Little Brain that Could
My story all started with a coral
donation from a fellow New Jersey reefkeeper. He was donating
a brain coral, some zoanthids, a rock full of Ricordea
and some small-polyped stony coral fragments to the New Jersey
Reefers Club. Our club had been trying to raise money to acquire
non-profit status and raffling corals provided the most income
toward this end. A club officer picked up the donation without
telling the rest of the board. All the fragments were never
documented for inventory; he just mentioned that he had picked
them up already. A few days later the donor asked how they
were doing, and then gave the club an inventoried list of
what we should have received. His list did not match that
of the club's officer. It appeared that the officer may have
taken some of the corals for his personal gain, thinking nobody
would notice. He also made the mistake of photographing his
new acquisition, a large piece of live rock with 10+ Ricordea
specimens. on it. The donor then identified the rock as his.
This so-called "acquisition" was foolishly placed
into his one-month-old 125-gallon tank, thereby leading to
the Ricordea's untimely demise. Under pressure from
the officers and members over what he did, he resigned his
position and handed over what remained of the donation to
me. I received a few fragments, all under one inch high, a
small piece of rock with one Ricordea on it, and a
brain coral which looked like a dead skeleton simply hosting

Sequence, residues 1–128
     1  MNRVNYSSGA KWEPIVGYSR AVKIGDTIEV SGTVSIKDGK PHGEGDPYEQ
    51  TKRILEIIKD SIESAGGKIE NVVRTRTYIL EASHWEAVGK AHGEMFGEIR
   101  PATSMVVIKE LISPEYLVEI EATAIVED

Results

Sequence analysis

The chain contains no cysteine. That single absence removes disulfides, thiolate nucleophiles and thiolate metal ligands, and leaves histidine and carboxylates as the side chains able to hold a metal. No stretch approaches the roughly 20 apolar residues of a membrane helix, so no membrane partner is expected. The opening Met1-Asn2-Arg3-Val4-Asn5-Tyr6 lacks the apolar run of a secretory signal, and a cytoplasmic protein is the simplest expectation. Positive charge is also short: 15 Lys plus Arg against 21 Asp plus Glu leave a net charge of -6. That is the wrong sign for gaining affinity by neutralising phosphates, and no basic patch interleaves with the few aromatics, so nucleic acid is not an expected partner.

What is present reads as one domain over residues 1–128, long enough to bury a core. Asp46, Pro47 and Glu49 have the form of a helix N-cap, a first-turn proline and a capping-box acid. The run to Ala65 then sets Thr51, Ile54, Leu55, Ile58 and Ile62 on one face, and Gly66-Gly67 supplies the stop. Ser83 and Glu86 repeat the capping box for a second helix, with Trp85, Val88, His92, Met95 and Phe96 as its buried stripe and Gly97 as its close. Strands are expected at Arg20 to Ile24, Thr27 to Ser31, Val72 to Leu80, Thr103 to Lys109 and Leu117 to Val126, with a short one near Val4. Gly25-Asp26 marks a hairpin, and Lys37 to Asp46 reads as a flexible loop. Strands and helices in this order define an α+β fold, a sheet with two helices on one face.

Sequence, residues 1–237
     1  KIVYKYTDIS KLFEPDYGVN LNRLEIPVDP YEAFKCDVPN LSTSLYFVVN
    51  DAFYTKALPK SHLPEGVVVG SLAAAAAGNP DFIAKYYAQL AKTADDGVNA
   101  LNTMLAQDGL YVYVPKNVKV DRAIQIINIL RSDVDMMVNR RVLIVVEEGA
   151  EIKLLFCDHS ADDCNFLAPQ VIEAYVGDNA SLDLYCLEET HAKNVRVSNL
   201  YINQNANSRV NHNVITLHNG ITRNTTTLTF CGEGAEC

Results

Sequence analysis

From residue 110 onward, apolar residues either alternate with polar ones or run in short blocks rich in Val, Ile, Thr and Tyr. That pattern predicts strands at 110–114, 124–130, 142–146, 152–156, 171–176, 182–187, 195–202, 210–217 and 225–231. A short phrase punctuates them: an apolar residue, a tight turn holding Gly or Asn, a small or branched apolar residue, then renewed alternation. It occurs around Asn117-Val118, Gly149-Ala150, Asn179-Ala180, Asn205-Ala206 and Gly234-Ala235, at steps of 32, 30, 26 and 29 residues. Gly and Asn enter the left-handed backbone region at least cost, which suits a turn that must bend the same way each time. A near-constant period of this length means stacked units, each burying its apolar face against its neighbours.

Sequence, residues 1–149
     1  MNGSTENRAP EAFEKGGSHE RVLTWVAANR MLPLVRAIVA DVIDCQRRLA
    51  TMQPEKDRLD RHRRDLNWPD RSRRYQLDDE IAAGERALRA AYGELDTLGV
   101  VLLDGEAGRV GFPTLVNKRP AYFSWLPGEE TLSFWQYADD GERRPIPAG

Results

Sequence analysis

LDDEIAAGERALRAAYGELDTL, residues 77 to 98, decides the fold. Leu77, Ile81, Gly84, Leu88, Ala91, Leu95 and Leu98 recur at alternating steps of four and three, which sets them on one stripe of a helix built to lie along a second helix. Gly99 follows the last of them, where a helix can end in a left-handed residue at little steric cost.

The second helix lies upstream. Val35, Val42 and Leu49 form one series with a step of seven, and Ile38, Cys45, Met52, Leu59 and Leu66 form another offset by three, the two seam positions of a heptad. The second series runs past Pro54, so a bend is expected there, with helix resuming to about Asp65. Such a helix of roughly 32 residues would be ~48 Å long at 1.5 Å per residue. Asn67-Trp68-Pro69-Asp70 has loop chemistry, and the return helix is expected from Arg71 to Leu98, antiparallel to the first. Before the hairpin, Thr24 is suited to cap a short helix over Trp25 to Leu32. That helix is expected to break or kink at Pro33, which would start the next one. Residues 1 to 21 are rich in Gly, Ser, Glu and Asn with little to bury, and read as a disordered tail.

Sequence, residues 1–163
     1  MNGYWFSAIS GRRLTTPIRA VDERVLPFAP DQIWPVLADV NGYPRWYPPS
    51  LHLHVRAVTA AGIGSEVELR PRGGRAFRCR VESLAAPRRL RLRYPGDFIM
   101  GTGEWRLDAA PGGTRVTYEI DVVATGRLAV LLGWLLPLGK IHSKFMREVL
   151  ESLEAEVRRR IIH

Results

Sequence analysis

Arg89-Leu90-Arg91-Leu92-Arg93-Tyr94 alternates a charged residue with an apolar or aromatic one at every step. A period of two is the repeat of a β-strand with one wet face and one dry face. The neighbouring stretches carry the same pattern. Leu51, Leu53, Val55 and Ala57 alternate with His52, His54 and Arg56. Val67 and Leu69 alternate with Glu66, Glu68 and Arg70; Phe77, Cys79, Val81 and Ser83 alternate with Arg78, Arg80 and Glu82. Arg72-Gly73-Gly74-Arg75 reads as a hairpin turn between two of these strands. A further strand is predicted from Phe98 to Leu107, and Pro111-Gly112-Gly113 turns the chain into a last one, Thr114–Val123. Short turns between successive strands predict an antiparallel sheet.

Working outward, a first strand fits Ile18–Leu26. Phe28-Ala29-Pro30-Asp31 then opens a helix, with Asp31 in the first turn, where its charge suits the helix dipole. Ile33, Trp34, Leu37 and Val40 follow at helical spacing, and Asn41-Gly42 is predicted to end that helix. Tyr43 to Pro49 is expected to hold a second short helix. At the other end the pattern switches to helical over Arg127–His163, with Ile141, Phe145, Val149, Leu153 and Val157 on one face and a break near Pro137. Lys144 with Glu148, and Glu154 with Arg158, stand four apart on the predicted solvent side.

several small zoanthid colonies.
The fragments were handed to me in Ziploc bags and when I
first saw them, and given the shape they were in, I didn't
think any of them would survive. During dinner that night,
I drip acclimated the corals. The water volume was tripled,
dumped out and tripled again to make sure they weren't stressed
any more than necessary. The acclimation process took a total
of 2 ½ hours. I also took pictures to document their
A Short Description of My System:
My 75-gallon display houses over 40
coral fragments and mini-colonies of small-polyped stony corals.
I have a very light fish load, and I feed them every other
day. Plumbed to this is a 28-gallon custom acrylic tank used
for growing coral fragments. It shares a sump, skimmer and
calcium reactor with the main tank. I started the fragment
tank because I wanted to keep more corals than my main display
could handle. It was also a good place to culture fragments
since it gave them more room to grow, and I usually end up
accidentally breaking a few pieces during normal tank maintenance
in my main display anyway.
The fragment tank houses a SEIO M1100, a Maxijet1200 and
a single 6500K Iwasaki bulb. It also has two tiers of "eggcrate"
racks. The top one sits a mere 12" from the halide, and
the second one about 20" from the light, and is elevated
from the bottom of the tank with 2" PVC legs. The light
in the fragment tank stays on for only six hours as the tank
catches some light from the main display, which sits just
four inches to its left. The main tank uses two Tunze 6000's
for circulation, and both tanks share the same return pump
from the sump. The fragment tank's feed is "tapped"
from one of the returns leading to the main tank and is regulated
with a ball valve. The fragment tank has a turnover rate slightly
under 150 gallons/hour. The calcium reactor is a single chamber
Reef Technologies K2R. It contains ARM media, and its
effluent runs about 50 ml/min at about 60-80 bubbles/min.
All top-off for the system is performed manually with kalkwasser
that is dripped by a modest 2.5-gallon Kent Marine Aquadose
unit. I have also started dosing Turbo Calcium on a daily